I got a mail this morning that caught my eye, perhaps because of the Cloq Werks name and perhaps because it was all about vinyl. Interest piqued, I dug a little deeper and found exactly what I had expected to. But rather than write a whole piece about timecode vinyl, I am instead going to write about the angle that they’ve taken.
Cloq Werks make custom control vinyl in a plethora of colours to work with Serato Scratch Live. I had to dig hard to find that reference, and it was only mentioned once on their Facebook page and only alluded to as “SL” in the email. Obviously, they’re being very careful not to lean too heavily on the established brand.
Their unique approach is this – because you bought the timecode licence when you bought the Scratch Live package, you’re entitled to have backup copies of that timecode that you already legally own. And Cloq Werks are quite happy to create and supply a backup of your timecodes – for free. You’re actually making a voluntary donation to them for their time and materials to safely backup the recording that you already own. They are not selling you the original timecode signal recording because you already own that. They go to great pains to stress that you’re not buying anything and they’re not selling anything. Allegedly. But I’m not a lawyer though.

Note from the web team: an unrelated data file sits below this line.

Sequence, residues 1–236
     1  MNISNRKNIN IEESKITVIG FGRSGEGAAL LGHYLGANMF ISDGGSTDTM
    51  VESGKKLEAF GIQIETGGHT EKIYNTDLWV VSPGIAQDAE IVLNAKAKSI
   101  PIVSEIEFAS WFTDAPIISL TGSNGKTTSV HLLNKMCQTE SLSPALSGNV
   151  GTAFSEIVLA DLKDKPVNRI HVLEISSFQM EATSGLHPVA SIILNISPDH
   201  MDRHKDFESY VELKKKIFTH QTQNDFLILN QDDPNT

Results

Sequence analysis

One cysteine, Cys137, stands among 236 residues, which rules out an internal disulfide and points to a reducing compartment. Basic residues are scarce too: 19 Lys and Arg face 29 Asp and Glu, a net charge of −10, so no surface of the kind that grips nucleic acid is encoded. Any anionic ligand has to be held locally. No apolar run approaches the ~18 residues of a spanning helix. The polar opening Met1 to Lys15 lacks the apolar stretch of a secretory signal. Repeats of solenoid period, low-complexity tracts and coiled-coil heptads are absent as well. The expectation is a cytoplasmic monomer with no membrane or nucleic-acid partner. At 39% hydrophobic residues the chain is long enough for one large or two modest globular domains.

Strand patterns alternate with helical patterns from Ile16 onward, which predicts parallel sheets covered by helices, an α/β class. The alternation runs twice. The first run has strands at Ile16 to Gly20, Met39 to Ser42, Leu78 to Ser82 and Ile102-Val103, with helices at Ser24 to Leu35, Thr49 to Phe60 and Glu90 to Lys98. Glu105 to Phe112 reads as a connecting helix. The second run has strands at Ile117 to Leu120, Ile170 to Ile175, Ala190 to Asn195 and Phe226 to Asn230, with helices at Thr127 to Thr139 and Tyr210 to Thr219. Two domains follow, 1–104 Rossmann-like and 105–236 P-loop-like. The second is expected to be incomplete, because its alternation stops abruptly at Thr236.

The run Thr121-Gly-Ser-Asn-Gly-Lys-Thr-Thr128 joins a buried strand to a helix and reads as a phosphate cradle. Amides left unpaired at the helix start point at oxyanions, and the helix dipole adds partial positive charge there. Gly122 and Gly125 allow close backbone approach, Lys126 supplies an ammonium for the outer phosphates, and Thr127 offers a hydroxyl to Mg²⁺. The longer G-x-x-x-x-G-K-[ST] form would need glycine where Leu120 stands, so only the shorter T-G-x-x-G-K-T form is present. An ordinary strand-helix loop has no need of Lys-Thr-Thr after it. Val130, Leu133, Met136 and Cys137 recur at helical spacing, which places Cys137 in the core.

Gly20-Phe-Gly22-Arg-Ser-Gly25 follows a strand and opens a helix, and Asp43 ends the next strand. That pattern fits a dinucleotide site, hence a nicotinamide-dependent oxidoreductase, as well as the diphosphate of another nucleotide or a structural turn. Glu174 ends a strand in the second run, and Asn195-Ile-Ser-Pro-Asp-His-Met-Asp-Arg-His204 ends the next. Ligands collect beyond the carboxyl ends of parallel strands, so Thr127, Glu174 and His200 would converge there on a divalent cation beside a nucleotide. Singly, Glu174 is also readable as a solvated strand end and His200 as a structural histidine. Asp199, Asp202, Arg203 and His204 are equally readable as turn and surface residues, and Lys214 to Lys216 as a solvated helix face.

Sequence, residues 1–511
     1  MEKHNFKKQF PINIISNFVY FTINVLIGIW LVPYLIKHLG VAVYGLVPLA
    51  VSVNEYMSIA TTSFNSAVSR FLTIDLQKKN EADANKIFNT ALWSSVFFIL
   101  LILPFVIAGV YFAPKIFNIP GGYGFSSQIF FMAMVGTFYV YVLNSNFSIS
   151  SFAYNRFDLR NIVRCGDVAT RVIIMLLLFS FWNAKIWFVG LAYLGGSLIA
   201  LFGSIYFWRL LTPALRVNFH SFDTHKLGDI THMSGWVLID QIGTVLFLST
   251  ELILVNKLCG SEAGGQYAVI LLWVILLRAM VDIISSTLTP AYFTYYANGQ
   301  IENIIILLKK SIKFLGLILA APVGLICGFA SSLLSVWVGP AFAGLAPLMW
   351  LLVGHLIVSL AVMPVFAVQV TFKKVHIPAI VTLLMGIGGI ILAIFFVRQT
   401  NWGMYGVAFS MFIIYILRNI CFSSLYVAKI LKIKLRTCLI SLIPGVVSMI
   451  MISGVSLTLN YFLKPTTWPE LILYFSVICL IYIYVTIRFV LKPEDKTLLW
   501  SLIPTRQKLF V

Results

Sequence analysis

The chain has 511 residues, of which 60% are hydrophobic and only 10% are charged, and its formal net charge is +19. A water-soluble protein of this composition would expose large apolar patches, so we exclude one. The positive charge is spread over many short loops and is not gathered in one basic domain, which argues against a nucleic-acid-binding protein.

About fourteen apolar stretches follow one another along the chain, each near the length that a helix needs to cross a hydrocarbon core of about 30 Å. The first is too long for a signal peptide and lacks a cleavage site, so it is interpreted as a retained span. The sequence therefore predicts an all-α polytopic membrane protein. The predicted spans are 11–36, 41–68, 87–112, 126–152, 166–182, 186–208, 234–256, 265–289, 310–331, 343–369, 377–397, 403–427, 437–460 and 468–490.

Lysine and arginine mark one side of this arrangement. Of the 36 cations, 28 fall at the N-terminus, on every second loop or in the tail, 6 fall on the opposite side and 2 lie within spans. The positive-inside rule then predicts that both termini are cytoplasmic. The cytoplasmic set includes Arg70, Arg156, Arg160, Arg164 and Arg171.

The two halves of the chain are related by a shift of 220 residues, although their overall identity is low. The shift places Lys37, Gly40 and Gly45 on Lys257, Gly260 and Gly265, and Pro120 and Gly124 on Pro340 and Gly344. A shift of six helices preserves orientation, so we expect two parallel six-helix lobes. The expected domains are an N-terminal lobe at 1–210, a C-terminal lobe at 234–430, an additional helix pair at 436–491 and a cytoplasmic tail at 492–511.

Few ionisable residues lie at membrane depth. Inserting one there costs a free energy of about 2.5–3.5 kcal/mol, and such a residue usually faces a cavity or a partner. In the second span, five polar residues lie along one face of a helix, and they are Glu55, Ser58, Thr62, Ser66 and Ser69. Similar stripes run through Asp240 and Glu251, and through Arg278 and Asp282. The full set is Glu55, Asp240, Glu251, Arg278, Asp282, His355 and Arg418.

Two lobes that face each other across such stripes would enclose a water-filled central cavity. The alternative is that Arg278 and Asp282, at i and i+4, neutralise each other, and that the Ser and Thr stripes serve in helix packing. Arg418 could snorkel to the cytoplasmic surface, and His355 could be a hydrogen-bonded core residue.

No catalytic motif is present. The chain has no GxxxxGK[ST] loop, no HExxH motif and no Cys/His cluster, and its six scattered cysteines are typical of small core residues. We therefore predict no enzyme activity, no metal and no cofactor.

Sounds like a plausible spin of the law, and they do seem to have done their research on this. The splash screen on the site lists legal statutes and even links to the scary RIAA as corroboration. Feels more like a leap of faith through a legal loophole than a legitimate thing though.
The “backups” as they’re described are available for donations of between $9.99 for a pair of black ones right up to $39.99 for a pair of white ones. But how do you feel about this? While Cloq Werks may well be exploiting a loophole, or even operating fully within the law for all I know, it doesn’t sit right with me that any money I might spend doesn’t go back to the developers of the original product. I know you really REALLY want those elusive and expensive Serato whites, but is it because you want white vinyl, or because you want SERATO white vinyl?
Given the wide ranging cross section of readers we have on here, is anyone qualified to comment on how legal this actually is?